Do LCSWs have to be credentialed with Medicare to be eligible for Medicare Advantage?  No. The reverse is true as well, i.e., LCSWs can be credentialed with Medicare without accepting Medicare Advantage patients.

    Do LCSWs have to be credentialed with the commercial insurer sponsoring the Medicare Advantage plan?  This varies, but in general it is not necessary to be credentialed with a commercial insurer to be reimbursed for a Medicare Advantage plan. Check with each plan.

    How much will Medicare Advantage plans affect Medicare beneficiaries going forward?  Many analysts have said that the Medicare Advantage plans will continue to grow to cover 50-60% of Medicare beneficiaries by 2030.

    Please continue to send questions on Medicare Advantage as they occur.

      Laura Groshong, LICSW, Director, Policy and Practice

    • November 13, 2023 11:14 AM | Anonymous member (Administrator)

      What is Medicare Advantage?

      Medicare Advantage (MA) plans have been heavily marketed for the past year or so. LCSWs have had many questions about what the difference is between MA plans and traditional Medicare. This summary of those differences may be helpful in understanding what mental health coverage patients have in these plans and how MA plans may affect coverage overall.

      MA plans, known as Part C plans, are overseen by commercial insurers, i.e., United, Aetna, Cigna, BCBS, etc. The general goal of these plans is to improve profits; this is not different from the other plans that commercial insurers offer. Traditional Medicare, a public plan with Federal oversight, has an interest in keeping costs down balanced with an interest in giving the elderly and disabled reasonable health care. 

      Some Medicare Advantage plans inappropriately delay and deny critical care; have low premiums but then charge exorbitant copays that prevent people from getting care; have limited networks and few providers available; and may have networks with poor quality providers.  Additionally, MA plans do not have the Medigap component that traditional Medicare offers to cover the “gap” that Medicare does not allow for certain conditions, including mental health treatment.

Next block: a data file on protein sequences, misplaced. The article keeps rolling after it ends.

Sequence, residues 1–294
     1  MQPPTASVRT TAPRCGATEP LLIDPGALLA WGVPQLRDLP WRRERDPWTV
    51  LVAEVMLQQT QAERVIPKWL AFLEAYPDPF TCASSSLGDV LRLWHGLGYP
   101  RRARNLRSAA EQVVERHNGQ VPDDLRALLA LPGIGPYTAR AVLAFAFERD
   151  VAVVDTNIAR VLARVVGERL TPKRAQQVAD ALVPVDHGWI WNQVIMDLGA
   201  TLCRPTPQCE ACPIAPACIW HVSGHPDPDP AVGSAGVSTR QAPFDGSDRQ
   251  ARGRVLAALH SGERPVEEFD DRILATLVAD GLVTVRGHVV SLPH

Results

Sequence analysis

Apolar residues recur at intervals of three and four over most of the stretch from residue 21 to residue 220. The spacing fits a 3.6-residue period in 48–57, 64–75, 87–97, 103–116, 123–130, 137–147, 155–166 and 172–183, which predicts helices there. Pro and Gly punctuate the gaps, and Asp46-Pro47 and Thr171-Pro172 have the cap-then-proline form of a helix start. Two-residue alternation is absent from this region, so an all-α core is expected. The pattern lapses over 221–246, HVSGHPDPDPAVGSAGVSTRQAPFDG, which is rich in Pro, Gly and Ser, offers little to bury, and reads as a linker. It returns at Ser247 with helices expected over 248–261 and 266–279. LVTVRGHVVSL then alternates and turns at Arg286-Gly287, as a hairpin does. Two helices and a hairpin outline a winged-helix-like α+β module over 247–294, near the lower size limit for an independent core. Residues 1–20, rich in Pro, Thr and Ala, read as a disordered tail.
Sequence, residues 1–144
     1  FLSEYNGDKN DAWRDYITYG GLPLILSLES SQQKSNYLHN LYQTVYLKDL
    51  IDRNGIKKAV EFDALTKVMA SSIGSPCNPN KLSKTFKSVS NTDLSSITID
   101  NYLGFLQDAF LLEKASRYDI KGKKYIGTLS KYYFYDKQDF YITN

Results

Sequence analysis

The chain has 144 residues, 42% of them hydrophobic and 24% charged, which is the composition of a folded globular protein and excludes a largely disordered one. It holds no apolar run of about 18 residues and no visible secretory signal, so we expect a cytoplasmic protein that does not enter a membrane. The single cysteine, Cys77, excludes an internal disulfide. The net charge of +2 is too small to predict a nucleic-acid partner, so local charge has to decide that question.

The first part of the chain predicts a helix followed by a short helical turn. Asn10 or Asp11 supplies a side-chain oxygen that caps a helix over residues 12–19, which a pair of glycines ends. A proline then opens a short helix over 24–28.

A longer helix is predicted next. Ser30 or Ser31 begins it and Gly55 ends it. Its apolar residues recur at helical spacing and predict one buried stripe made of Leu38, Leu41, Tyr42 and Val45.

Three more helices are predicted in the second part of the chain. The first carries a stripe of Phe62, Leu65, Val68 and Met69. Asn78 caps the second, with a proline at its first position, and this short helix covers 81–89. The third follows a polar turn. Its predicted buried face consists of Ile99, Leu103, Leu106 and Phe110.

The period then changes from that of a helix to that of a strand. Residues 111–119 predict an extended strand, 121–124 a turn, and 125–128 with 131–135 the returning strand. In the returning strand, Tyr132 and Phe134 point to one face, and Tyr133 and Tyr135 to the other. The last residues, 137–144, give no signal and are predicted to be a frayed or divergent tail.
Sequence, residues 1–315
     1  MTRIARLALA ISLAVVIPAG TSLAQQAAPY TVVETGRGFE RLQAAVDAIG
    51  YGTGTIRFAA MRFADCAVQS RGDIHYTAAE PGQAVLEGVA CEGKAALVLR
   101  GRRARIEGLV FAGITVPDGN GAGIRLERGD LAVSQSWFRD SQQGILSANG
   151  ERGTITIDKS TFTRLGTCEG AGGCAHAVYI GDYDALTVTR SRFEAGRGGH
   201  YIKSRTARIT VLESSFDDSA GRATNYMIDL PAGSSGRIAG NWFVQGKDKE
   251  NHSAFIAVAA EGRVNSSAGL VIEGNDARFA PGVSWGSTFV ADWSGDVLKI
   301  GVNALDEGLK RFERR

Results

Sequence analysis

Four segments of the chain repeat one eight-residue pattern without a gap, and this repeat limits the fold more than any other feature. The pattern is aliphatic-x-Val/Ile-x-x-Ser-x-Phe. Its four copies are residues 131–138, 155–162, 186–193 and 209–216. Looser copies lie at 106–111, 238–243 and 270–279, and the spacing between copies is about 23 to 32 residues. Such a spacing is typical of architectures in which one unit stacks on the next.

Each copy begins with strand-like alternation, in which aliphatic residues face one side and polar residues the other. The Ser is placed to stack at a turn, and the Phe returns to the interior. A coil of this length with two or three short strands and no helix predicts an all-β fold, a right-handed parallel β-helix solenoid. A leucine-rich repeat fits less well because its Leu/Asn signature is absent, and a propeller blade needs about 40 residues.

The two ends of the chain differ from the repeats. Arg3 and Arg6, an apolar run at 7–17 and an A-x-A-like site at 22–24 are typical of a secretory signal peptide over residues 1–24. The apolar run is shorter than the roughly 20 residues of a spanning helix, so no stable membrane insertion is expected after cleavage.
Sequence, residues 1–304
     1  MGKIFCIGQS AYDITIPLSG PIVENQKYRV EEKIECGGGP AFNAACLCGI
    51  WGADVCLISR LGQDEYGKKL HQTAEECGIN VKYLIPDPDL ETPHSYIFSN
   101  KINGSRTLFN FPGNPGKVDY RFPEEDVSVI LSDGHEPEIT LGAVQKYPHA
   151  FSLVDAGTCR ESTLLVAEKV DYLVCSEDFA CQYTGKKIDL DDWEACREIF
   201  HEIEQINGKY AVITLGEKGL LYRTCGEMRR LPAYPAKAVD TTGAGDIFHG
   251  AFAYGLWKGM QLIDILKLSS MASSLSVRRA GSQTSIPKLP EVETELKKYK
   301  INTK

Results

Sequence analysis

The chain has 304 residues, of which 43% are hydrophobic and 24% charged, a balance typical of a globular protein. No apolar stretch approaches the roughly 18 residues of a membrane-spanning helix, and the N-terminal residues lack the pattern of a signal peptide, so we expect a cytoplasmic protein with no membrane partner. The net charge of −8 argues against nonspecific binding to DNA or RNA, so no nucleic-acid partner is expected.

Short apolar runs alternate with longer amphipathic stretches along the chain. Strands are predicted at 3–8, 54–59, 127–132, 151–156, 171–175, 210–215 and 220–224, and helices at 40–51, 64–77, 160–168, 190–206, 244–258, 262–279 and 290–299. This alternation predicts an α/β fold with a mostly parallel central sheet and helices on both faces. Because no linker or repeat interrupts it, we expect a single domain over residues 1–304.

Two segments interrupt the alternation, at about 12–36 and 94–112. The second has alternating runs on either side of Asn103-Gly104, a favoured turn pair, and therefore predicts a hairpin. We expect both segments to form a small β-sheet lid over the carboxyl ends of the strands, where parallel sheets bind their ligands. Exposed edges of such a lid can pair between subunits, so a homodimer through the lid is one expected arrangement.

There is little doubt that the for-profit MA plans will put the needs of their shareholders first. Most Medicare-eligible beneficiaries are drawn to the low premiums and do not read the fine print about the limitations of MA plans. This may happen when there is a health crisis and the limitations on what care is covered by which paneled clinicians becomes suddenly clear.

      According to the Psychotherapy Action Network, “Medicare Advantage (Part C) plans have been demonstrably disadvantageous to people who are sicker. If you have Part C and wait until you are sick to shift over to a Traditional Medicare plan, you may not be able to get a Medigap policy to cover copays and coinsurance, or that premium may be much higher.” 

      How do the MA plans affect mental health treatment coverage? For acute or short-term treatment, the lower premiums may be an advantage. The advantage will disappear in an MA plan if a beneficiary needs long-term psychotherapy. The cost of copays may be so high that the total cost of treatment may be much more expensive. Further, beneficiaries cannot purchase a Medigap policy (which covers co-pays) if MA is their primary insurance.

      There are many articles on what can be done to prevent the “bait-and-switch” approach of MA plans, from lawsuits against commercial insurers to advocating for a single payer health care plan. For now, the best option in the view of CSWA, is to think carefully about the pros and cons of MA plans and traditional Medicare before choosing MA plans. Please contact me if you have any other questions about MA plans.

      Laura Groshong, LICSW, Director, Policy and Practice
    • August 10, 2023 7:15 PM | Anonymous member (Administrator)

      Please see the below link for an editorial written by our Director of Policy and Practice and Board President: